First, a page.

Thursday, January 18, 2018

Five Ways of Making Money in Real Estate

Cheers to All of 2017 Successes!
Yesterday, I attended the first meet-up of 2018. I really enjoyed it.

My favourite part was when everyone in the room took a turn to share some of their 2017 wins.

It is truly inspiring to hear so many success stories. Collectively, the group probably bought and sold a couple of hundred of properties last year.

There were some over-achievers among us. For example, one gentleman completed 11 flips, 4 wholesales and 2 buy-and-holds. That is a lot!!! Bravo

I'd like to share what I learned about five ways of making money in real estate. When I was starting with my 50 doors plan, I only understood one of these money making techniques - the cash flow part. But it is important to be aware of and take advantage of all other components.

1) Cash Flow

Cash flow is the money that you make every month when you buy and hold real estate:

Cash flow = Income - Expenses - Financing Costs

Usually, cash flow is fairly skinny. My goal with each of the new properties is to have a cash flow of $200 per month. However, in some cases, I start out with cash flow being as low as $50 / month. Over time cash flow will grow, if you manage your property well and find ways to increase income and optimize expenses.  

Let's suppose you make about $200 / month in cash flow. Over five years, this adds up to

$200 x 12 x 5 = 12K

2) Appreciation

Appreciation is the bonus that market gives you. It is important to do through market analysis and understand what, where, when and why makes the most sense to invest in when you purchase a property. This helps ensure that you catch a rising wave, not a avalanche down.

Appreciation = Price of your Property Now - Price that you Paid for it

If you purchase a property at a fair market price and a fairly stable location and your plan is to hold it long term, then it is pretty safe to assume that appreciation will be on average 2%. Let's suppose you purchase a property for 200K and hold it for 5 years. Appreciation will be 200 x 2% x 5 = 20K.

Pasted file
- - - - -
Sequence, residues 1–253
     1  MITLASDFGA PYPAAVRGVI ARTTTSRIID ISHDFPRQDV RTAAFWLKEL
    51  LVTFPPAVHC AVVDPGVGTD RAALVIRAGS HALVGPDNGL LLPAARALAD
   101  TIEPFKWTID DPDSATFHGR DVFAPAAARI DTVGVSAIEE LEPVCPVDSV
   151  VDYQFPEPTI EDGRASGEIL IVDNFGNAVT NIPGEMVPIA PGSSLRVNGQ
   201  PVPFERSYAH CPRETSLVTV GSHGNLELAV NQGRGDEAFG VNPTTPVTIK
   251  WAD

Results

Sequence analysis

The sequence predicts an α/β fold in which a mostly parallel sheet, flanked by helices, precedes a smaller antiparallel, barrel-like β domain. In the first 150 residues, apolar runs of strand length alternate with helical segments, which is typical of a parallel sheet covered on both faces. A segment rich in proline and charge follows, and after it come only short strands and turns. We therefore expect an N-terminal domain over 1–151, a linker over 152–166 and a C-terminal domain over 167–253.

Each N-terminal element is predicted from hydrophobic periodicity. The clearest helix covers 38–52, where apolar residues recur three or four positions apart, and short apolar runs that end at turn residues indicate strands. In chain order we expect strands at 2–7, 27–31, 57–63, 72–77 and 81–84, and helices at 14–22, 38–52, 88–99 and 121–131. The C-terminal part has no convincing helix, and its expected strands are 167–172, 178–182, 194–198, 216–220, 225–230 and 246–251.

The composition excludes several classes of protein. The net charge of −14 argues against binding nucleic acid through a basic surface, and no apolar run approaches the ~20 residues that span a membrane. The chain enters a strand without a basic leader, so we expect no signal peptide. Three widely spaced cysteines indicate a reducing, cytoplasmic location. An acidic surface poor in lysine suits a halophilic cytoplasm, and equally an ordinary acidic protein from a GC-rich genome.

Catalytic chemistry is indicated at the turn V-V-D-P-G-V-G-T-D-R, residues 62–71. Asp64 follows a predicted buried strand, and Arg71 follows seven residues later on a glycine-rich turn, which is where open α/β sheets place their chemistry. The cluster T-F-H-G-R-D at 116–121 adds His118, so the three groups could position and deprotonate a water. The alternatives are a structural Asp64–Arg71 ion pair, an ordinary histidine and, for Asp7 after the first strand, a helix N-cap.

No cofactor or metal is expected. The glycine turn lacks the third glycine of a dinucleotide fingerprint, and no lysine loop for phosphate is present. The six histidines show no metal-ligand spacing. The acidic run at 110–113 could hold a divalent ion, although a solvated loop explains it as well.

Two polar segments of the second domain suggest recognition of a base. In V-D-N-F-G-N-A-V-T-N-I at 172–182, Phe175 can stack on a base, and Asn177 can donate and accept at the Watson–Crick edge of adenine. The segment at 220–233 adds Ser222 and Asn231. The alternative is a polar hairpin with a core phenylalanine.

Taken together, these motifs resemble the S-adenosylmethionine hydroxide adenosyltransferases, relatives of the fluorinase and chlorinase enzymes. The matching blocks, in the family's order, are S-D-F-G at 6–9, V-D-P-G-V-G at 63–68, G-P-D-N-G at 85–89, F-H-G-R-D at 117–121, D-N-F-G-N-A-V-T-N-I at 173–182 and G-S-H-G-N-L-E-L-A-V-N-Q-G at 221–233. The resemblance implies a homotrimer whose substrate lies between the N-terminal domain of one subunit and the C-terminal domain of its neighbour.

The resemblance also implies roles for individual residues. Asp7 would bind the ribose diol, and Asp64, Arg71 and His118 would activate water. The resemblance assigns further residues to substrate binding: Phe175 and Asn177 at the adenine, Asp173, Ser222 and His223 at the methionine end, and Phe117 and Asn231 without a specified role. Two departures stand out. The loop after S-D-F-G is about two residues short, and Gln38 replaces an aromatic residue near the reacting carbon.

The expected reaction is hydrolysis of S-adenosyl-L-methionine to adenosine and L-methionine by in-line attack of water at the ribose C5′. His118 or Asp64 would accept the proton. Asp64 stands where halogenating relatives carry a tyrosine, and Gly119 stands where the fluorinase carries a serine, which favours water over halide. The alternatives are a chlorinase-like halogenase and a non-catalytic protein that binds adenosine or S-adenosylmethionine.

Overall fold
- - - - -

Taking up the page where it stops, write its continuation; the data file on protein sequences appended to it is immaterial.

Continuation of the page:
Let's suppose that you decide to keep the property. In that case, you can refinance and pull out 65-80% of appreciation. This means that at refinance you will get

20K * 65% = 13K

3) Principal Pay Down

If you have a traditional mortgage on your property (not interest only financing), then every month a portion of your mortgage payment goes towards principal pay down and the rest is the interest that the lender collects.

Principal Pay Down = Current Mortgage Balance - Initial Mortgage Balance

Let's say that you purchase a property for $200K, with 20% down payment and a 3.5% interest mortgage for the remaining 160K for a 5-year term and with 30-year amortization. At the end of the term, your mortgage balance will be about 143.5K.

This means that at refinancing, you can get

(160 - 143.5) x 65% = 10.7K

4) Forced Appreciation

Forced appreciation includes cash flow and value increase due to the improvements that you make to the property. Suppose, you invest an additional 5K after you purchased the property and got a better tenant at a higher rent. The tenant pays an additional $50 / month.

Also, let's assume market cap rate is 5%.

Forced Appreciation = Increased Cash Flow + Increase in Value - Investment

In this case, your annualized cash flow increases by another $50 x 12 = $600, or 3K over 5 years. The value of the property increases as well by $600 / 5% = 12K. Forced appreciation is

3K + 12K - 5K = 10K

5) Annuity

There are various ways how you can turn your property into an annuity and be getting a lump sum every month for the rest of your life. It would be wise to consult with an accountant or financial adviser to find the option with minimal tax implications.

Annuity = Get a Payment Every Month For the Rest of Your Life


An investment of 45K gives you 43.7K in 5 years. This is over 100% overall and 20% per year.
  • Cash flow 12K + 
  • Appreciation 13K + 
  • Principal Pay Down 10.7K + 
  • Forced Appreciation 10K
  • TOTAL: 43.7K 
  • ROI: 20% per year
Not bad! I believe more champagne is in order! Wouldn't you agree?

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